In rural Kenya, lack of clean water is often the primary barrier to girls' education. Many Kenyan girls spend hours every day fetching potable water for their families rather than going to school.
Girls who are able to attend school are often uncomfortable with the lack of hygenic bathrooms during menstruation. Due to the traditional division of labor, women and girls are constantly in contact with water, much of which is poluted. This puts them at greater risk for contracting waterborne diseases, one of the top four causes of death among African women.
GWAKO formed in 1998 to provide clean water, improve women's health, protect girls' right to education, and boost women's economic status. Like Nobel Prize winner Wangari Maathai's tree-planting Greenbelt Movement in Kenya, GWAKO empowers women by involving them in the improvement of their environment.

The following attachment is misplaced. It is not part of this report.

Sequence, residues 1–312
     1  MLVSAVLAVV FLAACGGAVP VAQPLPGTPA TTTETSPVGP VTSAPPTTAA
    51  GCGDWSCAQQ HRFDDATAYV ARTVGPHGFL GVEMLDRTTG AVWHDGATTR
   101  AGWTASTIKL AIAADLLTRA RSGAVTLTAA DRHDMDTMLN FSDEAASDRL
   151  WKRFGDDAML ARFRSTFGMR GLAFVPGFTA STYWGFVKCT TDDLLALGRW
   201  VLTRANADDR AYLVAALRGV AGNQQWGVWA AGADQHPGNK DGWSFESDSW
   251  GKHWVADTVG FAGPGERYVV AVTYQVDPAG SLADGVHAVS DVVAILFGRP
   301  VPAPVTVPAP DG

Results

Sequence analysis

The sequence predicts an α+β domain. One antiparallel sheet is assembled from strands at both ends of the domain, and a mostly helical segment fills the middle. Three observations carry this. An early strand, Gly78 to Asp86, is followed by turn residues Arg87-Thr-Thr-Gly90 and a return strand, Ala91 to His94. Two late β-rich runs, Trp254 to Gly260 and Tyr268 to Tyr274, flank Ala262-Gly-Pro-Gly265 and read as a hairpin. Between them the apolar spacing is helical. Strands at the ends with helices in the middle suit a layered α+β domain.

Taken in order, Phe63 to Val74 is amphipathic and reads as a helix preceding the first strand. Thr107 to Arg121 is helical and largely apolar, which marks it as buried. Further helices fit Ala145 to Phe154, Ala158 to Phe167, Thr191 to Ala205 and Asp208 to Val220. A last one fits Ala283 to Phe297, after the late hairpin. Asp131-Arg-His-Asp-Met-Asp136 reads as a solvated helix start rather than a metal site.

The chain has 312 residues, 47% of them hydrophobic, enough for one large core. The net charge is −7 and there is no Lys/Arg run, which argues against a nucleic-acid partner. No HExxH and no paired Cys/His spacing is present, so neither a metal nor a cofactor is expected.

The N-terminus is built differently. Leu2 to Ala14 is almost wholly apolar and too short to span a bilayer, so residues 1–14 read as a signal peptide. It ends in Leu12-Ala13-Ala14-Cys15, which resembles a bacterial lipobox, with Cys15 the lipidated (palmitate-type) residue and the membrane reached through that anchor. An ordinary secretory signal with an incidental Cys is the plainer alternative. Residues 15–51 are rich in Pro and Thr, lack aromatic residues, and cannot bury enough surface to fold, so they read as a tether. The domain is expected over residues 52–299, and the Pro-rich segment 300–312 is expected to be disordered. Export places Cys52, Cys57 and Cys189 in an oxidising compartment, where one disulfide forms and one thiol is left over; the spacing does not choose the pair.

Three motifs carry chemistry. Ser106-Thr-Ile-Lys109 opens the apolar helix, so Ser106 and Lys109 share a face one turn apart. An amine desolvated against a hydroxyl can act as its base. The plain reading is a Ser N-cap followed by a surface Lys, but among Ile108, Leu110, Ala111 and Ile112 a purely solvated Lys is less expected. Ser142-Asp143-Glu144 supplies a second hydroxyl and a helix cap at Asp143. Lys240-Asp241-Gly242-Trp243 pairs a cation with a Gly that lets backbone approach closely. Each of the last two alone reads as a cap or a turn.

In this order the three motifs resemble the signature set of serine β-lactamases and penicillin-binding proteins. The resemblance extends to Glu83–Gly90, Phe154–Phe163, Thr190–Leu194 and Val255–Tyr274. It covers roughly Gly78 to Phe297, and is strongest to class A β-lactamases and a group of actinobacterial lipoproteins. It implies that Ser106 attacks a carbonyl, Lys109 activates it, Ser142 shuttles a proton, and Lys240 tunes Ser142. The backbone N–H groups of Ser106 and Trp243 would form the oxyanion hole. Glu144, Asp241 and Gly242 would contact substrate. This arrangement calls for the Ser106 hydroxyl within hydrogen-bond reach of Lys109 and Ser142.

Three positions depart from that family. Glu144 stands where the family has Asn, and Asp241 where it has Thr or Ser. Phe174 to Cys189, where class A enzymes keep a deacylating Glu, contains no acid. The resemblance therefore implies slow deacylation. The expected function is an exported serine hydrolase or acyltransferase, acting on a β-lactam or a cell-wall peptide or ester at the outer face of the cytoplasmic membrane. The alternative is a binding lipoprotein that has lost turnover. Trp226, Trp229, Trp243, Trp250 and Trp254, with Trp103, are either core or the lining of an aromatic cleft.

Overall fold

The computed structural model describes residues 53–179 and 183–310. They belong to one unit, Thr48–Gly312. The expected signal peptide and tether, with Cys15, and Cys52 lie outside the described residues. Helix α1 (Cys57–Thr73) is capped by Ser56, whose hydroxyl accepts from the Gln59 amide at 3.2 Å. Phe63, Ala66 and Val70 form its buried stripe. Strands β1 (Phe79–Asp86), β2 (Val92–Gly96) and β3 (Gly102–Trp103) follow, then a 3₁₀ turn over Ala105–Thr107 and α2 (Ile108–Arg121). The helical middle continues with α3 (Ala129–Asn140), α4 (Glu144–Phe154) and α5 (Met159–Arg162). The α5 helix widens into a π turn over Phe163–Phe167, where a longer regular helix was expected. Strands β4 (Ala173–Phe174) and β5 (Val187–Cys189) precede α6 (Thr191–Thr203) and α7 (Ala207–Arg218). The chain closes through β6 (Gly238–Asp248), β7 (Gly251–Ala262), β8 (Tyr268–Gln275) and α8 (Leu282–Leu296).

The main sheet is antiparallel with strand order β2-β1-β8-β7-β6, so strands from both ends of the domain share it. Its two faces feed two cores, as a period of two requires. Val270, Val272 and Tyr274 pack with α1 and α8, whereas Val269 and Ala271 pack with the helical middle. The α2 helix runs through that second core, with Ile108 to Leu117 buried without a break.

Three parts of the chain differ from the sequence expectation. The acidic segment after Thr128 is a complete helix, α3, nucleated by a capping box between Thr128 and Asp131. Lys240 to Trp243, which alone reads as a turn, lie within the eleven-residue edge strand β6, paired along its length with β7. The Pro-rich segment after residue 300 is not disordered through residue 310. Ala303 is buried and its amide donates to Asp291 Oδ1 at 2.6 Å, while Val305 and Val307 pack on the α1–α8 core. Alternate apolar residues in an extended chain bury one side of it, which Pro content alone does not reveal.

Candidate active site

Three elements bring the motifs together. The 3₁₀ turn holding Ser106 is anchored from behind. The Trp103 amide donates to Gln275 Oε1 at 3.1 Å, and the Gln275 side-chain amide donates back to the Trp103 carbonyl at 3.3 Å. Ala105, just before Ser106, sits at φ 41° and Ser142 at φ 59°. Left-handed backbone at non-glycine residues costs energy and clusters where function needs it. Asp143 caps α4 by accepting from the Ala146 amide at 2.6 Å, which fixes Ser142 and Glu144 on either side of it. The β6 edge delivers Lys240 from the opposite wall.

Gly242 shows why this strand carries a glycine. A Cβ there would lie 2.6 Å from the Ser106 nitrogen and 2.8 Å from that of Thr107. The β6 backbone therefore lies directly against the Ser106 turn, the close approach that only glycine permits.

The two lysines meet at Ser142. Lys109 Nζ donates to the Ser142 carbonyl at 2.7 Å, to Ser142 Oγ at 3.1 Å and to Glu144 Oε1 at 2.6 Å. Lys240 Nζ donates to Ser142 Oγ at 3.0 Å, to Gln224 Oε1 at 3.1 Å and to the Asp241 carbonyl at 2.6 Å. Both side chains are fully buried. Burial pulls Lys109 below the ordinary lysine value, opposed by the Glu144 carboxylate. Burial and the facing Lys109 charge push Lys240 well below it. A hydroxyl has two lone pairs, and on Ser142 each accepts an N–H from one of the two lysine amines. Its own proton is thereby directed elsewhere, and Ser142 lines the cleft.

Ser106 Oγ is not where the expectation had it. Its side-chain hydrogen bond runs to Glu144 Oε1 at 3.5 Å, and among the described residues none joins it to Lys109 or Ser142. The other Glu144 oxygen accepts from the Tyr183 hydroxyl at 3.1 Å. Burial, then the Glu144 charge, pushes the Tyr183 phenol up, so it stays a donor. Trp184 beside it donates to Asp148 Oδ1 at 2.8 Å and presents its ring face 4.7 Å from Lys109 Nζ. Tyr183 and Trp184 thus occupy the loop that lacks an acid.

Working with women in 14 villages across western Kenya, GWAKO is building sustainable wells, conducting community education about hygiene and sanitation, training women farmers to produce higher yields and installing washing facilities and latrines in schools. GWAKO supplements these activities by facilitating the formation of girls' clubs in schools to promote self-esteem and life skills.
In January 2005, GWAKO received an $18,000 Global Fund grant to build and reinforce wells in five villages, and to expand its ecological sanitation project. The project aims to install composting and urine diversion toilets in schools and other community areas, and to train women farmers on how to reuse waste as fertilizer.